In Yeda Research and Development Co. v. Abbott GmbH and Co., the Federal Circuit invoked the doctrine of inherent disclosure to uphold a priority claim to a German priority application that only partly described the claimed protein. Although the patent owner prevailed in this case, the fact pattern underscores the importance of including a robust disclosure in priority applications. It also highlights the tension between securing an early filing date and waiting until the claimed subject matter has been fully characterized–a dilemma faced by many applicants in biotechnology fields. Continue reading this entry
A new law targeted at GMO food labeling instructs the Secretary of Agriculture to establish standards for identifying “bioengineered” food. While many might think CRISPR-modified foods will be covered by such a law, certain CRISPR technologies could escape labeling requirements. Continue reading this entry
In LifeNet Health v. LifeCell Corporation, one of the many issues the Federal Circuit decided was that functional claim language did not create a divided infringement situation, even though an independent actor could impact whether the functional limitation was met. Under the court’s decision, since the limitation was a negative one, an independent actor could negate infringement, but his or her action is not required to establish infringement. Continue reading this entry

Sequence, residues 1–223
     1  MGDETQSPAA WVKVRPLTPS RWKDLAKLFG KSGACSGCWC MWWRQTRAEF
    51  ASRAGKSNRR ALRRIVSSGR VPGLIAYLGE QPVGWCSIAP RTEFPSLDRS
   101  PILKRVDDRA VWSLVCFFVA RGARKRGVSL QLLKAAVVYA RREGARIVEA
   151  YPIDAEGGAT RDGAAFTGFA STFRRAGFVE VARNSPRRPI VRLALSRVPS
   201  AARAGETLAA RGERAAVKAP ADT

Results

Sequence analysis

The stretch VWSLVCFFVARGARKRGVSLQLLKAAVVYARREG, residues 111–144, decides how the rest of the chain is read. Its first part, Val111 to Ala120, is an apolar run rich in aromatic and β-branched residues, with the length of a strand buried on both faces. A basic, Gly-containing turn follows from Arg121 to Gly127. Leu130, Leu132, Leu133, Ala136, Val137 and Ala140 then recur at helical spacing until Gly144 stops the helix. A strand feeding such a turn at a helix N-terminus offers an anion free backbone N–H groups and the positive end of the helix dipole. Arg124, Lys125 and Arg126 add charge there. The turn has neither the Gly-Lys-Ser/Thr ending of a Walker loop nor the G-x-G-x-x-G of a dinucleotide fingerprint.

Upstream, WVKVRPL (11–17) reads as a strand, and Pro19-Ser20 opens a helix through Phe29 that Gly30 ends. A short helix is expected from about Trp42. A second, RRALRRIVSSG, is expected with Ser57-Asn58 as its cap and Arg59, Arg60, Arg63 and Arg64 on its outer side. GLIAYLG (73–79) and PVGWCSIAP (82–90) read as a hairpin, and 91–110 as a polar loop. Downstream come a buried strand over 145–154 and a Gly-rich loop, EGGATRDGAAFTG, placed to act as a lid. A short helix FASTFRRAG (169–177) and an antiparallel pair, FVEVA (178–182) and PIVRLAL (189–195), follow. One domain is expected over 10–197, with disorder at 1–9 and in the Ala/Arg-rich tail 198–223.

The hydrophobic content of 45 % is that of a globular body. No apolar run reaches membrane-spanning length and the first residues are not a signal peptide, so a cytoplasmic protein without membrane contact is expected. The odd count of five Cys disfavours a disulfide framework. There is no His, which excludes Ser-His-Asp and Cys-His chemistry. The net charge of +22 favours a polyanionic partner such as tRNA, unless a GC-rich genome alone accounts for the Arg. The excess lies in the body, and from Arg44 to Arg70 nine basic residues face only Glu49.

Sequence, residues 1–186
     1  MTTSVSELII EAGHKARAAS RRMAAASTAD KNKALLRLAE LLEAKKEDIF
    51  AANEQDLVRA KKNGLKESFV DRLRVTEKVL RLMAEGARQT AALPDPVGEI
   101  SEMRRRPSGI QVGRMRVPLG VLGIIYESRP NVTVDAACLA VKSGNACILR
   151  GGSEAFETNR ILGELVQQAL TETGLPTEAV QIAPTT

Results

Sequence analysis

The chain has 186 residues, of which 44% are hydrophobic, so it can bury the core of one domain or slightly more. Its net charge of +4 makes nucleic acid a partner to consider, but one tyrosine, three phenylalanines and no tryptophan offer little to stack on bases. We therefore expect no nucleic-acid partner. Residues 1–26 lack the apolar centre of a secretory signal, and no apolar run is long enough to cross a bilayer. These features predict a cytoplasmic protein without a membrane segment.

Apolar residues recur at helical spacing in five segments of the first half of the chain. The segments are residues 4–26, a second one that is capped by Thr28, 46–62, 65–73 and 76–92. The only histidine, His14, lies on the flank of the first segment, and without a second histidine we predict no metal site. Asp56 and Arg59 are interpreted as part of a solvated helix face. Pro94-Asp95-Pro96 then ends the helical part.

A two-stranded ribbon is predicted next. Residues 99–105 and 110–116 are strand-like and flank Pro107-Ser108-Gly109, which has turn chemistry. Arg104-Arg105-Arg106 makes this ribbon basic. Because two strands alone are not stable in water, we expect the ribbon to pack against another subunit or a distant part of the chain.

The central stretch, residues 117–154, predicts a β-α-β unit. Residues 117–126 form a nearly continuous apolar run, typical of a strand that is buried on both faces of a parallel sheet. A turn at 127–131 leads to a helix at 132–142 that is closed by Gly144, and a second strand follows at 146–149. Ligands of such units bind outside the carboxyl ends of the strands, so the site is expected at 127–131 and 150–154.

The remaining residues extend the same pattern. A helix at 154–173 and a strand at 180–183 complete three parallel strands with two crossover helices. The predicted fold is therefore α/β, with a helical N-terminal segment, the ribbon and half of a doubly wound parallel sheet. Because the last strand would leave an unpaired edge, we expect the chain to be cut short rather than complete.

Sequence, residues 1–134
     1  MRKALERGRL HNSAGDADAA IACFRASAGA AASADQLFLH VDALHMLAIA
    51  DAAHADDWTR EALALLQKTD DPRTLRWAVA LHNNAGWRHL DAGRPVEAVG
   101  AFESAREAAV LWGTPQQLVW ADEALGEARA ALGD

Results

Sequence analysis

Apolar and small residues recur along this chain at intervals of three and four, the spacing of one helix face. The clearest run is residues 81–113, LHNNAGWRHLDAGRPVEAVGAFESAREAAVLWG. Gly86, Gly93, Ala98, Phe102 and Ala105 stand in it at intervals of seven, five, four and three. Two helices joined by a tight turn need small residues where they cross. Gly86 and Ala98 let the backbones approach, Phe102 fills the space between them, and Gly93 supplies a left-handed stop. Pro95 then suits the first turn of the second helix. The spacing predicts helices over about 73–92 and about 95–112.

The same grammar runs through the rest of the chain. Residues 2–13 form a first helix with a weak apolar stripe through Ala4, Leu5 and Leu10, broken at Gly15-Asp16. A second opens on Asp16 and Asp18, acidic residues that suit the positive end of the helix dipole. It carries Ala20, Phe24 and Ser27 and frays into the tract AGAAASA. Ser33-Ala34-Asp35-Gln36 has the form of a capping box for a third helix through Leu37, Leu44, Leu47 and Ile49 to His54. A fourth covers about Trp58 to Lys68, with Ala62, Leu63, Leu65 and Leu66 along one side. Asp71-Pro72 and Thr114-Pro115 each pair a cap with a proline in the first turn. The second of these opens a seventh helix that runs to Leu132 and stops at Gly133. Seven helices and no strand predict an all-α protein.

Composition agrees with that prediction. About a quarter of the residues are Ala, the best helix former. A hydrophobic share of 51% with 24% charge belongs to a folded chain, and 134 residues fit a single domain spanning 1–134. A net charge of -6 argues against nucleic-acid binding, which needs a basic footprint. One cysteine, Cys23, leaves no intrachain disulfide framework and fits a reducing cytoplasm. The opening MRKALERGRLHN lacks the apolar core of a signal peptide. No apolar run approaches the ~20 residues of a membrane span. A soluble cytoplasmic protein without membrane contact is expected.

In what may be the first decision on the merits in a patent infringement suit brought under the Biologics Price Competition and Innovation Act (BPCIA), the U.S. District Court for Southern District of Florida has found that the method of making the Apotex biosimilar versions of Amgen’s Neupogen® (filgrastim) and Neulasta® (pegfilgrastim) products does not infringe the asserted Amgen patent. Nevertheless, the court enjoined Apotex from entering the market until 180 days after it gives Amgen notice of commercial marketing once its biosimilar products are approved. Continue reading this entry
In a “Report and Recommendation on Defendants’ Joint Motion To Dismiss,” U.S. Magistrate Judge Cabell of the U.S. District Court for the District of Massachusetts determined that TB test kit claims do not satisfy the patent eligibility requirement of 35 USC § 101, but declined to reach the same conclusion with regard to related method claims. The decision was issued in Oxford Immunotec Ltd. v. Qiagen, Inc., where Oxford has asserted that Qiagen’s test kits for diagnosing TB infection in vitro infringe a number of its patents.